That pudgy face on the Gerber jar is Ann Turner Cook.
Last December, my wife and I successfully completed the adoption of a baby boy from an Eastern Bloc country. We have both decided that he is officially the cutest child in the entire world. In fact, he looks almost exactly like the Gerber baby. Last week I was boring some new acquaintances with stories of the adoption when someone mentioned that it was a little-known fact that the Gerber baby was actually Humphrey Bogart. According to the story, his mother was a commercial artist who used him as the model. Is any of this true? Will my child end up smoking cigarettes, wearing trench coats, and hanging around seedy characters? — Michael Taylor, Faxland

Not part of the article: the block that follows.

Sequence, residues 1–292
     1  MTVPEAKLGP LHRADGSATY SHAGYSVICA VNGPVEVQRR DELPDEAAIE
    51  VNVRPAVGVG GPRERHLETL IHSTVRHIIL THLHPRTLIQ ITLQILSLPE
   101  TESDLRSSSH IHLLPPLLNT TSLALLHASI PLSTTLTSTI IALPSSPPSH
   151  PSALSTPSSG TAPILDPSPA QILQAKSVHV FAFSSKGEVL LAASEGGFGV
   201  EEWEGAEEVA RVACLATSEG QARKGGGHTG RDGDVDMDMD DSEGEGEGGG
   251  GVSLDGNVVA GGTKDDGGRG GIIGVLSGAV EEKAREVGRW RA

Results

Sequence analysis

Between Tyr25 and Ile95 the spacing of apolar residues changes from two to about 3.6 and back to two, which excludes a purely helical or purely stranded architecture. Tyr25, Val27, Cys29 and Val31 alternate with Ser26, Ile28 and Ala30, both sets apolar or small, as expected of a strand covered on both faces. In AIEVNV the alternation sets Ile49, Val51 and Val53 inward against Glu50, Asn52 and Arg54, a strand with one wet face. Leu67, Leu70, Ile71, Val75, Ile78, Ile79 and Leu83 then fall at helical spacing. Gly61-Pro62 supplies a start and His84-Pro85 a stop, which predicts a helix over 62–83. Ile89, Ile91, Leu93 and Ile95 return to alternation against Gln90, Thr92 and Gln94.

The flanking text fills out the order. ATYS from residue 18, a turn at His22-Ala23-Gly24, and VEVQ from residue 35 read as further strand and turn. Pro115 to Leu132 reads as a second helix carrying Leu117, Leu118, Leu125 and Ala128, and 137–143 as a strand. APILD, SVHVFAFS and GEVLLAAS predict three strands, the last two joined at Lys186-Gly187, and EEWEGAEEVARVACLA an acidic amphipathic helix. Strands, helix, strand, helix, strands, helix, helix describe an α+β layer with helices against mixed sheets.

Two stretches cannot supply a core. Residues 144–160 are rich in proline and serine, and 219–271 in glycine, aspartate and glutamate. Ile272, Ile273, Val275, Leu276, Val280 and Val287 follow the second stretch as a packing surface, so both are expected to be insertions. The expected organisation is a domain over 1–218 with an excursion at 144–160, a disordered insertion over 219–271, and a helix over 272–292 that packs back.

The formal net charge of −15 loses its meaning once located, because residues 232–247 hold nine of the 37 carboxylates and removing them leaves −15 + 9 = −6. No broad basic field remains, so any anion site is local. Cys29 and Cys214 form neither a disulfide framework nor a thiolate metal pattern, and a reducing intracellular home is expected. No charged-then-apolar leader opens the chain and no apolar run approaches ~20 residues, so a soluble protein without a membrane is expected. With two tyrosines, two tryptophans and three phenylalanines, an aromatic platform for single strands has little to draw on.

Fret no more, Mike. Your acquaintance’s “little-known fact” is just a widely believed fiction. The littlest Taylor will be no chain-smoking tough guy. He’ll be a schoolteacher, will marry a small-town deputy sheriff, and retire to Florida to write unpublished novels. Oh, and he’ll be a woman. That pudgy face on the Gerber jar is Ann Turner Cook, who, in 1928, lived next door to illustrator Dorothy Hope Smith. But it happens that Bogey does have a strained-carrots connection, just not the one most people think. His mother, Maude Humphrey, was an illustrator and used her baby as the model for many of her sketches. Bogey’s mug appeared on package labels and in ads for Mellin’s Baby Food beginning around 1900. Maybe that’s why Mellin’s is defunct and Gerber’s is still chugging along.